There is no risk of getting HIV from: donating blood mosquito bites toilet seats shaking hands hugging sharing eating utensils or drinking containers food or objects handled by people with HIV or AIDS spending time in the same house, business or public place with people who have HIV or AIDS
Drug use (including use of alcohol) can impair judgment and decision-making. This can increase risk for HIV, especially if you have sex while high. High or not, you can successfully use condoms and clean injection works. Plan ahead, carry condoms and stick to your prevention plan. *A person does not need a prescription to purchase syringes in Nevada. However, a pharmacist may refuse to sell to people based on their own judgment.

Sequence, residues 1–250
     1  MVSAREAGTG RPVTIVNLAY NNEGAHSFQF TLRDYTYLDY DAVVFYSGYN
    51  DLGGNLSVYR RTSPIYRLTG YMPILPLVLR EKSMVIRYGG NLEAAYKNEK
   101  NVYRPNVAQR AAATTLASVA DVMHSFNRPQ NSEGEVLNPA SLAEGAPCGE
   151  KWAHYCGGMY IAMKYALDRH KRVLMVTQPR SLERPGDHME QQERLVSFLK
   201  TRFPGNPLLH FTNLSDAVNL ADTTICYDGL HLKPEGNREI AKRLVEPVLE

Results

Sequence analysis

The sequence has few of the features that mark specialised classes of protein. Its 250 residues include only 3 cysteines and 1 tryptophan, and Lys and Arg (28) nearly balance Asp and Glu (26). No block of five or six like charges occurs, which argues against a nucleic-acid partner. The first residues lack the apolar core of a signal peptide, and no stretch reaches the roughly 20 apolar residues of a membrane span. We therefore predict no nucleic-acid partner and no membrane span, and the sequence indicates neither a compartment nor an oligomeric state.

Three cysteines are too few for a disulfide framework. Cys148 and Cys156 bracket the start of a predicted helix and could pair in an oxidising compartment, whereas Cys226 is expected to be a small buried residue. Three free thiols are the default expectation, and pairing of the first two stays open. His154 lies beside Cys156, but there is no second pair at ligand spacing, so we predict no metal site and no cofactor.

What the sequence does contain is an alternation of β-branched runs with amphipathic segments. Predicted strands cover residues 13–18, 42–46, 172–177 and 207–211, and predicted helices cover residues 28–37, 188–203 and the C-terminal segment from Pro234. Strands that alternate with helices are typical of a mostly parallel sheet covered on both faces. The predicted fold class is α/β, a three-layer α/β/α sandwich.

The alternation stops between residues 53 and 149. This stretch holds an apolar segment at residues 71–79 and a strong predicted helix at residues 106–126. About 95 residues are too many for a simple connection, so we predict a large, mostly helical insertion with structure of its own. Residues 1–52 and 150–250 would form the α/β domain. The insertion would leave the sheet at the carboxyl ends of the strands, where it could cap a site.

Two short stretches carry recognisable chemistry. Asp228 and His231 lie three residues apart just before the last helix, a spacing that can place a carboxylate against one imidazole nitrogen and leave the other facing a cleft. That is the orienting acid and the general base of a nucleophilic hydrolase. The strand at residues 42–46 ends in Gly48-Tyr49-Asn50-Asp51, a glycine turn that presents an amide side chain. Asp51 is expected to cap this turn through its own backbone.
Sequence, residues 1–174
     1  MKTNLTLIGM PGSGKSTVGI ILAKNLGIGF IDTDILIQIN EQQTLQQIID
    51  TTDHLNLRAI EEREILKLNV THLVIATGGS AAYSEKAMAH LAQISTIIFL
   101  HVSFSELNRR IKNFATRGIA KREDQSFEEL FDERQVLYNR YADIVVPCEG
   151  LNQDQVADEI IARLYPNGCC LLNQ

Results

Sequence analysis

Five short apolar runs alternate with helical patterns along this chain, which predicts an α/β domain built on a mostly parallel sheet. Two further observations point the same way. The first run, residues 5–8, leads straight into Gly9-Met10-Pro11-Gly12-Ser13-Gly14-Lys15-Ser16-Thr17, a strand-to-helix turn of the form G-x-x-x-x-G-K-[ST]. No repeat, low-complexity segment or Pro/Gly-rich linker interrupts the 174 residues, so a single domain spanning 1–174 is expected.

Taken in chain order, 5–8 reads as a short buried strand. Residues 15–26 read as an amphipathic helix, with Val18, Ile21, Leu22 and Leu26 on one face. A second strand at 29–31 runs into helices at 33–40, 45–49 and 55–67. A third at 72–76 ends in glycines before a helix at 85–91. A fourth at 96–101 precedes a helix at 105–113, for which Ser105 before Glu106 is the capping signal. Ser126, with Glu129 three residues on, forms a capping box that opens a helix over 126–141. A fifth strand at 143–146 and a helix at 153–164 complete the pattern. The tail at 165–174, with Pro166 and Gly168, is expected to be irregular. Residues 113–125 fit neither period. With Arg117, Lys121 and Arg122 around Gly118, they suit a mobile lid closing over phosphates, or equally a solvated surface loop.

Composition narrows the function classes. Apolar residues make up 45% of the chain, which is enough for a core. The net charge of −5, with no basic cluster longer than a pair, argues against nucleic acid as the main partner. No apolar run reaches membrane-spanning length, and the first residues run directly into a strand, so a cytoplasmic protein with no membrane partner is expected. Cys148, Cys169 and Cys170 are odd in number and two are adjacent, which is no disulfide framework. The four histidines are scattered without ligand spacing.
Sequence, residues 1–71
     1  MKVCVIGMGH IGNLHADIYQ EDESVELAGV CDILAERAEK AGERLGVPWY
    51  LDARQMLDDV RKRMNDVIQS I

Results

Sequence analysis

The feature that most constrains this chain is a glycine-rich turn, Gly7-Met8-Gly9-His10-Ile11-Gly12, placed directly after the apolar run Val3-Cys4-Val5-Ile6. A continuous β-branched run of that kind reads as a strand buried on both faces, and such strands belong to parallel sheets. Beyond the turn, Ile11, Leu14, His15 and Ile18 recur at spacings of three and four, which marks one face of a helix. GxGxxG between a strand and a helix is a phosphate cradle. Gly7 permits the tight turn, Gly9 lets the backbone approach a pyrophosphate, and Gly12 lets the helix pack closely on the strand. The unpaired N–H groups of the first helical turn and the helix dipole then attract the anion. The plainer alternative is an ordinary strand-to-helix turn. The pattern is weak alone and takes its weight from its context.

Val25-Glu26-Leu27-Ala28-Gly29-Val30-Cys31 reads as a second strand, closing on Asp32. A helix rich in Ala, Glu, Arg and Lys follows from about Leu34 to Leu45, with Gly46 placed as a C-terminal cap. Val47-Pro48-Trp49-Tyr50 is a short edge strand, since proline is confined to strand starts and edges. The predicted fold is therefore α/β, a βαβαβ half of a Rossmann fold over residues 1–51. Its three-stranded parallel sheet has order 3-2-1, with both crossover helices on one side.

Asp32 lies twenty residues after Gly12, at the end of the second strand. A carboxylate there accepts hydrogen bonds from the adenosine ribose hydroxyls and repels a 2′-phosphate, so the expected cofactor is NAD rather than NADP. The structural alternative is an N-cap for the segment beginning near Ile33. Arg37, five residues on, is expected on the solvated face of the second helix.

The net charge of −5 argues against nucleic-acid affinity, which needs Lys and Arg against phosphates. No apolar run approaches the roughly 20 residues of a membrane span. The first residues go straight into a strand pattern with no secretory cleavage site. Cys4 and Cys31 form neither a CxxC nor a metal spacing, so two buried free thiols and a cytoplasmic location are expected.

A negative HIV antibody test result means that a person does not have detectable HIV antibodies at the time of the test. Since it can take up to 3 months after HIV infection for enough antibodies to develop, a negative test result is reliable only if the person has not had any sexual or needle-sharing risk behavior (or other exposure to infectious body fluids) during the 3 months prior to testing. Some people with recent risk behavior will test HIV antibody negative, yet may have actually been infected during the previous 3 months. These people will be highly contagious and may easily transmit HIV to their sex and needle-sharing partners. A high proportion of HIV transmission may occur when people are unaware of their infection. Finally, a negative test result does not mean that a person is safe from future HIV infection. People who test HIV antibody negative are urged to continue to follow HIV prevention guidelines to avoid becoming infected. People who continue risk behaviors are advised to re-test at least every 6 months.